These youth will have learned to think Christianly about church, home and society long before they get bored with youth programmes. Most young people will get bored with youth programmes and move on to another place of activity. Only some will sense a call to serve youth and remain within the YFC programme as volunteers and staff. We must fashion our organisational culture in such a way as to view as a great victory the departure of a person away from active involvement in YFC to church involvement.
5. For a para-church youth evangelistic organisation like ours, sending people we reach into a local church is a basic aspect of our call. But this principle applies to church youth groups too. Young people will get involved in the youth group for some years and then they will lose their interest in the programme because it is geared to people of a younger age. By then the truth that this person’s permanent home is in the wider church should have been drilled into his or her soul. They should have been prepared to go into the outside world after some cosy years in the warm protection of the caring peer group in the youth programme.
Yet often church youth workers are guilty of fostering an exclusivistic attitude within their youth group. Often we encounter attitudes like the following: “We are more spiritual than these dead adults;” “Our worship and music is not boring like theirs;” “We are more committed, more geared to mission.” When such youth pass the age of involvement in the youth group, they probably will not have a positive attitude towards the church. With the numerous challenges of young adulthood, such as establishing oneself in ones career and adjusting to married life, they could end up neglecting church attendance.
6. Most of us leaders are insecure people. We must be aware of this and strive to get our security and sense of importance from God and not from the people we lead. An insecure youth leader could foster an environment where the youth adore him or her to the exclusion of other authority figures like parents and adult church leaders. A good leader would use his or her influence with the youth to encourage them to respect and love their parents and adult leaders.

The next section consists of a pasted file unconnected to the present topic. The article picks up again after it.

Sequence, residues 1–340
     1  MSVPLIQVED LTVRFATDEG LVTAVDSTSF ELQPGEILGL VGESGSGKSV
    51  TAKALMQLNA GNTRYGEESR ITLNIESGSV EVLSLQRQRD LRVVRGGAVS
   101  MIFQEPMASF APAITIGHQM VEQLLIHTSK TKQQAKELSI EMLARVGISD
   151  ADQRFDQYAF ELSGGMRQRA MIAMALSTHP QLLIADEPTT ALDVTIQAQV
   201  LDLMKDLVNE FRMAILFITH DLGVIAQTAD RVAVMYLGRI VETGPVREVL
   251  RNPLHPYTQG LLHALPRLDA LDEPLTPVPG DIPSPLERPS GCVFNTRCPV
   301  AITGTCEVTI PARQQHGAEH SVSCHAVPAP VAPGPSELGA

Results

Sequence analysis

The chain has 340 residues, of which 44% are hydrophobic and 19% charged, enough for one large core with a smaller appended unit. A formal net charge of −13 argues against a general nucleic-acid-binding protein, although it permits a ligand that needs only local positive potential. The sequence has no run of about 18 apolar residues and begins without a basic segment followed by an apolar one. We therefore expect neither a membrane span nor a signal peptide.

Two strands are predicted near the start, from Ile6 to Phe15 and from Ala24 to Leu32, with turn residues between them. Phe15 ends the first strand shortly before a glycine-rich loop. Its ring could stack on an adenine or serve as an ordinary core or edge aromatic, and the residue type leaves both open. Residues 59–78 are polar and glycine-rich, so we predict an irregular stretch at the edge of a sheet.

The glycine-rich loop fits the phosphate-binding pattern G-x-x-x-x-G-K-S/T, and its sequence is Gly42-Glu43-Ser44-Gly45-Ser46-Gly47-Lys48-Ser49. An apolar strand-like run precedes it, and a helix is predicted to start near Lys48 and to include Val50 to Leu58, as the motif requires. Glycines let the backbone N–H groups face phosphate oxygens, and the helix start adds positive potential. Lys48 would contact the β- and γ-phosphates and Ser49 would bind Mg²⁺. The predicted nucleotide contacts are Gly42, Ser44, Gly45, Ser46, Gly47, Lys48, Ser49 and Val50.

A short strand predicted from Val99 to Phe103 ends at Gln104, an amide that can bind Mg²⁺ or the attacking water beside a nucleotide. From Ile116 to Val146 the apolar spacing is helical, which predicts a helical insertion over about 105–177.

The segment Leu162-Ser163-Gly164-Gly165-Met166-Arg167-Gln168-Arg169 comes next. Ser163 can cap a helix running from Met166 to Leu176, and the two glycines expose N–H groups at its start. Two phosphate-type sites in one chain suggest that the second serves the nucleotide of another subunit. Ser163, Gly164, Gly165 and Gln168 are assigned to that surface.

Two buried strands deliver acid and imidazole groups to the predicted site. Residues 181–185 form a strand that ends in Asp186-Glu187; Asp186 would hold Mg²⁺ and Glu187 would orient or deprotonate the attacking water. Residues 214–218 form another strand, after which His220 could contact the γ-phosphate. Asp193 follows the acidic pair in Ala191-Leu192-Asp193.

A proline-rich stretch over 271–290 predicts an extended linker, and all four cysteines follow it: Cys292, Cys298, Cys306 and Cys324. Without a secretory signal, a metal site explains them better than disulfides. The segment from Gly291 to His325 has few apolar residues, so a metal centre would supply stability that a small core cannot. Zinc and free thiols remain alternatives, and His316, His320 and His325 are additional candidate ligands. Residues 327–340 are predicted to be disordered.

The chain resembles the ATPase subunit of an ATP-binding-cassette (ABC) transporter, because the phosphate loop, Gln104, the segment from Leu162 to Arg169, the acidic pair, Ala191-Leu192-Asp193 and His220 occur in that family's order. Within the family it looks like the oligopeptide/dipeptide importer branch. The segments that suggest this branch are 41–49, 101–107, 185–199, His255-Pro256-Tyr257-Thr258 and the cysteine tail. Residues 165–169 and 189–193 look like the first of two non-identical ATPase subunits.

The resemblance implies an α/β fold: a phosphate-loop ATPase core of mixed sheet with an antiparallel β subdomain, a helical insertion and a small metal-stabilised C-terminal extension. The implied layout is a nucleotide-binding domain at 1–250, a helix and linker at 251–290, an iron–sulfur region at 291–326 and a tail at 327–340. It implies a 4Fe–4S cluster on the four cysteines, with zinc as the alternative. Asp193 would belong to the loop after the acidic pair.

An insecure leader could thrive on being hero-worshiped. This could be a very dangerous attitude. If those who adore the leader are from the opposite sex a very unhealthy relationship could develop. Without knowing it the relationship could turn sexual. The relationship turns physical only much later. But the early stages of an affair could be developing when the adoration of the young person unconsciously becomes–to the youth worker–a personal conquest of the heart of the young person. Often the youth worker is viewed as a father or mother, which makes the relationship look very harmless. Psychologists are calling such relationships “emotional affairs” and there is a growing body of literature about this. Gradually the desire for conquest is extended to the body also, and the result is a physically sexual relationship.
All of us leaders must always be on guard that we never get from others the kind of affirmation we should get only from God and our spouses.